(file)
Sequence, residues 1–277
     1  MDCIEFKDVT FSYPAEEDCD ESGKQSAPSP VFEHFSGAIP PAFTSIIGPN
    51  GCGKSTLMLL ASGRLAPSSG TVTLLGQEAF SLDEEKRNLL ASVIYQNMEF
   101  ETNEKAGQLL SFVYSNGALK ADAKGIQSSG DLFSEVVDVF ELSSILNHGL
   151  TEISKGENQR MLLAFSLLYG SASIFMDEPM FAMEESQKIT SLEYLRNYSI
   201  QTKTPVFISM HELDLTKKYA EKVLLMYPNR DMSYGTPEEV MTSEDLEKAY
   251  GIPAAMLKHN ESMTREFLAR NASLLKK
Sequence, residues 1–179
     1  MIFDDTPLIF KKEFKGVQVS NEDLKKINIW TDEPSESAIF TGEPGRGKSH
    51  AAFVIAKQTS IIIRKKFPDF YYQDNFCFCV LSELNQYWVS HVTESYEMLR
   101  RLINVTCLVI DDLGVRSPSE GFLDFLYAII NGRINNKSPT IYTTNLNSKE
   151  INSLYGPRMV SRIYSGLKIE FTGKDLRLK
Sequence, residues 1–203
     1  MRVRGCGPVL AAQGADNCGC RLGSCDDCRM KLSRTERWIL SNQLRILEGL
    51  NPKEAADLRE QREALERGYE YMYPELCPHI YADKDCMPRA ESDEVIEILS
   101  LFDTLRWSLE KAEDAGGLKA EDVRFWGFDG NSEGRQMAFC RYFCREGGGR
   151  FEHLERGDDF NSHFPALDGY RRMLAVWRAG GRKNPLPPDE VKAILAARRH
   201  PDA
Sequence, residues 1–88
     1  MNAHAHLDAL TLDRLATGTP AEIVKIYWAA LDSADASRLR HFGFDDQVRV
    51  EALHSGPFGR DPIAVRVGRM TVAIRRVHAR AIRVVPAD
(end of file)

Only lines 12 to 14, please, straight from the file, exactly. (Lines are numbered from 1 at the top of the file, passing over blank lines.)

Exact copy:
   151  INSLYGPRMV SRIYSGLKIE FTGKDLRLK
Sequence, residues 1–203
     1  MRVRGCGPVL AAQGADNCGC RLGSCDDCRM KLSRTERWIL SNQLRILEGL